The Importance Of Good Hand Washing By Food Handlers


Time after time, the TV will be full of stories about cases of food poisoning and illness that have been traced back to the source – a foodhandler. Good handwashing is vital to the protection of the health of the general public as well as the restaurant employees. One infected food handler who fails to wash his hands thoroughly can infect untold numbers of innocent people. The Federal Center for Disease Control (CDC) estimates that more than 76 million cases, 325,000 hospitalizations, and 5,000 deaths occur annually from food borne illness. Infected restaurant employees were identified as a contributing factor in more than 65% of these cases of food born illness. These statistics come from a 2002-2003 study of outbreaks in US restaurants. Pathogens (disease causing germs) can be transmitted from an infected employee through food directly to the consumer. It is quite obvious that employee health and good personal hygiene is critical in protecting consumers and individual businesses. Food that is handled by improperly washed hands or hands that simply were not washed at all can be the cause of many different illnesses. It is essential that food handlers use good hand washing techniques to ensure that the food they serve is safe. If employees use the toilet and do not wash their hands afterward, they can be contaminated by tiny particles of fecal material, which may carry infectious organisms. Food service establishments can help prevent food borne illnesses that are associated with infected employees. All employees should be trained to:

  • Learn about food borne illness and gain an understanding of how it is spread from one infected person to another.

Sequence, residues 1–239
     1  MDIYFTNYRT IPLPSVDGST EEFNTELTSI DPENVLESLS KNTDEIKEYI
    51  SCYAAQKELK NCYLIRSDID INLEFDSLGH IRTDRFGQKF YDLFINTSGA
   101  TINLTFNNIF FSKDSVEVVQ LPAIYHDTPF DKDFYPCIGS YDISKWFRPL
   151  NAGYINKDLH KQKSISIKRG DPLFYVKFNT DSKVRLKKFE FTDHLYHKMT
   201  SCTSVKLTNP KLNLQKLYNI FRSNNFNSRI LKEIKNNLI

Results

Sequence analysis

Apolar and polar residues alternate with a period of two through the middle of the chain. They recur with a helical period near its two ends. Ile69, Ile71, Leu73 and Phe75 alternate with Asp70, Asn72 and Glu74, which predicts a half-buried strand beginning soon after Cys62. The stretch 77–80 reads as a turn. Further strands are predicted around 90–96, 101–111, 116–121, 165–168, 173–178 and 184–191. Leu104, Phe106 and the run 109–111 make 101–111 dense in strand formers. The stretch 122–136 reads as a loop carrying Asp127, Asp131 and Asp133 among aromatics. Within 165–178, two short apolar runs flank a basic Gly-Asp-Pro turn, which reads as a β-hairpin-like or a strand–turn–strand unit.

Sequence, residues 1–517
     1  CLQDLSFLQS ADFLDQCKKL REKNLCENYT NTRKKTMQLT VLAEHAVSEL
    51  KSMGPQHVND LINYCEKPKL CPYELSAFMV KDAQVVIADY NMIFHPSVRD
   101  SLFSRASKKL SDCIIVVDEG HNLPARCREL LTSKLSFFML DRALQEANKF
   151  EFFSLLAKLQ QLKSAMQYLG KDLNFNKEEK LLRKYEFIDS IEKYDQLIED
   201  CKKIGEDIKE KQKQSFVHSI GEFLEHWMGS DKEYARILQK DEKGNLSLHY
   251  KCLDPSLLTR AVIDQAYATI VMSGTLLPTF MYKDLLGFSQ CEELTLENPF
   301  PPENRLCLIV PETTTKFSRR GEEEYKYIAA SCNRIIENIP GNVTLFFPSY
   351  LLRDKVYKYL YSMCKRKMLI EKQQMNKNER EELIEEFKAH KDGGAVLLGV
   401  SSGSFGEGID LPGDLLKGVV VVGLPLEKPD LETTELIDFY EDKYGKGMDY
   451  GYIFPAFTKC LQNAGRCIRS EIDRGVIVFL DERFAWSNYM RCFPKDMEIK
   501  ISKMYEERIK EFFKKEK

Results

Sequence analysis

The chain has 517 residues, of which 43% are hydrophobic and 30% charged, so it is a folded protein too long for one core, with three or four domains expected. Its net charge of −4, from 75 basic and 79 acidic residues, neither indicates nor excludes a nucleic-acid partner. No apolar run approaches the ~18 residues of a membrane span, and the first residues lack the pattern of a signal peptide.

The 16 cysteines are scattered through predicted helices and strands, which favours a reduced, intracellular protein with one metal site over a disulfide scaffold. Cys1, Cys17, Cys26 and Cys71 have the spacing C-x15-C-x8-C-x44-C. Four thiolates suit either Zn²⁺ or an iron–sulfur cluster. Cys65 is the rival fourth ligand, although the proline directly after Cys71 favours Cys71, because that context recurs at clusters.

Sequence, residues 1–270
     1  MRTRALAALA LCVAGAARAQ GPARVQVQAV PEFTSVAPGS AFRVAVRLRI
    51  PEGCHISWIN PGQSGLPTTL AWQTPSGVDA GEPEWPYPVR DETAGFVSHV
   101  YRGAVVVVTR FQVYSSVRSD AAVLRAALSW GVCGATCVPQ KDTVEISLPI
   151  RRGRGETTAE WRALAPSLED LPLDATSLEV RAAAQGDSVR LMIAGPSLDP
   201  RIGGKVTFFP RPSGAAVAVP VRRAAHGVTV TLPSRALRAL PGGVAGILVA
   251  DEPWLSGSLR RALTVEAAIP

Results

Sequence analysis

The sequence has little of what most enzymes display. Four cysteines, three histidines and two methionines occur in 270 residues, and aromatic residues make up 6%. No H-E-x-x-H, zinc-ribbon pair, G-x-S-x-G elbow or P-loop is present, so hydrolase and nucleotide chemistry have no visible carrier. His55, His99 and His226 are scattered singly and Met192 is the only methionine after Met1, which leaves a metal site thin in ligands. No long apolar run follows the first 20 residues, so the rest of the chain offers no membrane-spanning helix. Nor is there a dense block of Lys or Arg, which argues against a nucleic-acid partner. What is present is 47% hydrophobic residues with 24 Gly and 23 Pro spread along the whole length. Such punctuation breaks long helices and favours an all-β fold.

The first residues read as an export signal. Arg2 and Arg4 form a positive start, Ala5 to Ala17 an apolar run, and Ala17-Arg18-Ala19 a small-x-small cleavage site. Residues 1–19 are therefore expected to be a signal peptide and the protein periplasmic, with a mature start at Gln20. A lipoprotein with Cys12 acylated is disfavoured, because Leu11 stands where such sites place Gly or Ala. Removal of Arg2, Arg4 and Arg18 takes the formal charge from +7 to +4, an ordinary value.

• Know that they must not work with or handle food when they are ill.
  • Practice good hand washing techniques - always
  • Never touch ready-to-eat food with their bare hands.

What Is The Manager’s Responsibility? Managers and employees share the responsibility of learning about food borne illness and understanding their role in its prevention. Food handled by dirty hands can spread illnesses and the simple practice of good handwashing can prevent this. Effective hygiene practices must be followed by all employees to prevent the transmission of bacteria and viruses to food. Here are a few things a manager can do to help prevent food borne illness:

  • Managers can insure that there is an adequate number of soap dispensers in strategic spots and that they are operational and kept filled.
  • All employees must be trained in proper handwashing techniques.
  • Posters showing the importance of handwashing, as well as how to do it, should be placed in work areas and bathrooms.
  • There should be frequent brief training sessions on handwashing techniques.
  • An employee should be assigned the task of checking all soap dispensers to ensure that there is an adequate amount of soap available.
  • Employees would benefit from learning more about their role in disease prevention and some basics about food borne illnesses.

Managers can also check sources for soap dispensers to select the ones that are easy to use and maintain. One supplier, at, has a variety of user-friendly dispensers, which have different soap containing capacities. One dispenser holds 800 ml. and uses bag-in-box refills. Another uses 4 lb. and 4.5 lb. Cartridges while the Flat Top Gallon Dispenser can be attached to the wall and holds 1 gallon of soap. There are smaller models of 30 oz. Capacity that are ideal for restrooms. With the availability of products, there is no reason for any type of food service to be poorly equipped for handwashing!

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